Neal Stephenson and Darren Aronofsky – I feel like the Unwind trilogy was so disturbing and so disturbingly good that it needs to be made into a film. By Aronofsky. Because feels. Plus, Aronofsky has not shied away from disturbing and feels. And he’s known a couple of good scenes when he’s seen one. Also, he was inspired by Satoshi Kon (and it’s even said he’d bought rights out of Perfect Blue just to be able to use the bathtub scene for Requiem for a Dream), so that’s good stuff right there.

Scott Westerfeld and the Wachowskis – Okay, I’m a little torn on this one. I’ve only really liked one Wachowski film (well, two, if you include The Animatrix), which was The Matrix. It was full-blown scifi, the visuals were amazing (and still are, if you disregard the ’90s version of a “futuristic mobile” XD), and admittedly I loved the story. With a collaboration between the Wachowskis and Westerfeld, who knows what they’ll come up! More scifi awesomeness probably (and maybe even a little steampunk thrown in!).

So there you have it.

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11 thoughts on “TTT: Author-Screenwriter/Director Duos

  1. Interesting idea in pairing up Laini Taylor and Shinkai Makoto (he is one of my favorite animators out there) He could really breath a lot of life into the landscape of her Daughter of Smoke and Bone world. AND OMG YES if it was ever possible for Sir Terry and Satoshi Kon to collab, it would be whimsical and beautiful!!!! Very interesting take on this week’s topic 😀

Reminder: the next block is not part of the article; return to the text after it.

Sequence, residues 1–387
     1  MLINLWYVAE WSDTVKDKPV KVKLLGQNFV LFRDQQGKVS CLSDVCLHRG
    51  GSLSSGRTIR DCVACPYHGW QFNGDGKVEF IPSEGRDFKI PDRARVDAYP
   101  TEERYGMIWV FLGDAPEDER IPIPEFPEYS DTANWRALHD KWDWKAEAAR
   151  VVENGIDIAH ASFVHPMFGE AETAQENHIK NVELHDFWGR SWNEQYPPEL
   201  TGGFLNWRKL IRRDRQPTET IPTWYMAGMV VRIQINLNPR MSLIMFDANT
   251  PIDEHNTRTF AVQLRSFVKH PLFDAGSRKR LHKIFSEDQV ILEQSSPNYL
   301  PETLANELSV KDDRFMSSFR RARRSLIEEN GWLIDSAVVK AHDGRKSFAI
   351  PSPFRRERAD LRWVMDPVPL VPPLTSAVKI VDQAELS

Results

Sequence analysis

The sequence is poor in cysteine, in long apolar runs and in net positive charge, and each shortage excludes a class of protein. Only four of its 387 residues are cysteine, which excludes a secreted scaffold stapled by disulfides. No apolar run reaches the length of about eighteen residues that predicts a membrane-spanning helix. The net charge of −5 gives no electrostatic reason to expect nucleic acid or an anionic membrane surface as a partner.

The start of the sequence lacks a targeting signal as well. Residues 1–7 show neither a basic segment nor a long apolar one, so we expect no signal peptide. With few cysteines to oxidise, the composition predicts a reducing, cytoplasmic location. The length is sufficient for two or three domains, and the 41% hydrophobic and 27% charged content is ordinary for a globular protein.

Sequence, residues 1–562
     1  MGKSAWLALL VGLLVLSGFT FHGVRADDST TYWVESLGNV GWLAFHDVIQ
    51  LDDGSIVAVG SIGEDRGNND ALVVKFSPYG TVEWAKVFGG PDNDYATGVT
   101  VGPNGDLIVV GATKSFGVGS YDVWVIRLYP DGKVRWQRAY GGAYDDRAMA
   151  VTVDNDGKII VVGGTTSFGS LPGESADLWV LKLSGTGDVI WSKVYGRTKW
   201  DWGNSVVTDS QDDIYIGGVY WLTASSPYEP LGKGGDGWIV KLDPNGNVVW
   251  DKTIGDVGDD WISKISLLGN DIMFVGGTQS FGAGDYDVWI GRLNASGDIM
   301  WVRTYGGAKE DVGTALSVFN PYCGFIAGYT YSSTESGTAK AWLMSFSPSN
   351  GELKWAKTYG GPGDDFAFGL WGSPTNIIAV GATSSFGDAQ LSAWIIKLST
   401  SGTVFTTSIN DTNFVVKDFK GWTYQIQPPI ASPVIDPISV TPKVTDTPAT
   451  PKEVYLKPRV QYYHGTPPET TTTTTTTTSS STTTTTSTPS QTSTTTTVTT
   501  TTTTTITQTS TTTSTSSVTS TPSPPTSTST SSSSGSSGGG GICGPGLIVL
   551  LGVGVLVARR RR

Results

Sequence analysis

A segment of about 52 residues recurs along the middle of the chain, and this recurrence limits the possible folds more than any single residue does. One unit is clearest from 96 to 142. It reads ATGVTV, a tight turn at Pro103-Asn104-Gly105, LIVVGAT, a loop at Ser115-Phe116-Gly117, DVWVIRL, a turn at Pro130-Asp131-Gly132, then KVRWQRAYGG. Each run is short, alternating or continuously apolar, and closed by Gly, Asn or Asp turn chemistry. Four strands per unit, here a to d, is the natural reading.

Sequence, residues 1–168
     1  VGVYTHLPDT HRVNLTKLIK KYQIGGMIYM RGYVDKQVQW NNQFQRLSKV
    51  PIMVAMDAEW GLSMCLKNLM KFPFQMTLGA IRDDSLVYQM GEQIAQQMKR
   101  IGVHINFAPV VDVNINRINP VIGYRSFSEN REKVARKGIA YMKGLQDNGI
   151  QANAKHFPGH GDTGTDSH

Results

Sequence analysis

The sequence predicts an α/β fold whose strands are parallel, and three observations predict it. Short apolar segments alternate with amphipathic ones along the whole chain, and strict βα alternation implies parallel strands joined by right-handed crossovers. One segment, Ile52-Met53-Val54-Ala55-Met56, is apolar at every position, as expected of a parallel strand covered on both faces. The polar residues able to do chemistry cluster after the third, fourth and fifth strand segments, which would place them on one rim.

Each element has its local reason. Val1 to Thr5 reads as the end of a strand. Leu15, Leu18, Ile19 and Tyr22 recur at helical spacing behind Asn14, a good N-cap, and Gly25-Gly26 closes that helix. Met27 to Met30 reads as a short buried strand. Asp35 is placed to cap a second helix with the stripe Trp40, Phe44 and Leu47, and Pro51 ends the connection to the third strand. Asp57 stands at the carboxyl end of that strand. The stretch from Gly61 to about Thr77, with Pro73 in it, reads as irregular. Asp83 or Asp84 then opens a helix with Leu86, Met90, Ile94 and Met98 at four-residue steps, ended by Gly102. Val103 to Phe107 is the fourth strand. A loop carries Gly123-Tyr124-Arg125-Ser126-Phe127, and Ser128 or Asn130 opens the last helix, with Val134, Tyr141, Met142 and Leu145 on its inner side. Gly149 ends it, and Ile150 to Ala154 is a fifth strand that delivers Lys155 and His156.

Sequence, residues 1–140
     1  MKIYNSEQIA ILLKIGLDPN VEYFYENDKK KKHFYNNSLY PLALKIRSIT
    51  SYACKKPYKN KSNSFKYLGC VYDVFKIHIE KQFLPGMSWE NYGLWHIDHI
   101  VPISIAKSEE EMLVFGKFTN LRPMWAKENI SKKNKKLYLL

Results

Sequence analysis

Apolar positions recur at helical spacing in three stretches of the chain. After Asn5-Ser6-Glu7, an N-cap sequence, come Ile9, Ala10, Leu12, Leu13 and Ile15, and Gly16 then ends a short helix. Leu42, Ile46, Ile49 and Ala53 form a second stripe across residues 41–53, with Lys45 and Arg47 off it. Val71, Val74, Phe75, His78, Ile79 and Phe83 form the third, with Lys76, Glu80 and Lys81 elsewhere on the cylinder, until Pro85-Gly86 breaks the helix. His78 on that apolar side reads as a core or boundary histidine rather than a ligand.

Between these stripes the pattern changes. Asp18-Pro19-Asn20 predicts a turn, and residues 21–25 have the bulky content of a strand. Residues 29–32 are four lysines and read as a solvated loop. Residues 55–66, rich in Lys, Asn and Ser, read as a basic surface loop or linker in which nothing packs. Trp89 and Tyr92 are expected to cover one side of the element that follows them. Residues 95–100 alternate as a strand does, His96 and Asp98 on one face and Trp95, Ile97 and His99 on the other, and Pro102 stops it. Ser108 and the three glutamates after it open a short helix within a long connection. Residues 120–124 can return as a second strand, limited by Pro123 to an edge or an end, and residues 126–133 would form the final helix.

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    • Thankies! And I watched The Garden of Words a few weeks back, and omg, so blown away by Shinkai’s animation. Major feels. Which is ultimately how I feel reading Laini Taylor, too.

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        • Omg SO JEALOUS. When I learned that the garden was based on an actual garden, I was pretty much going: “I WANT TO GO TO THERE.” I still do! One day! If I can afford to fly to the other side of the world *sighs wistfully*

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          • 🙂 I used to live in Tokyo, so it made it easier. Yes if you finally visit you should definitely take some time to explore the garden, its definitely worth the time, I went during spring so it was sakura in full bloom 😀 I even went to the hut depicted in the anime…looked EXACTLY THE SAME, I was like a weirdo getting all excited!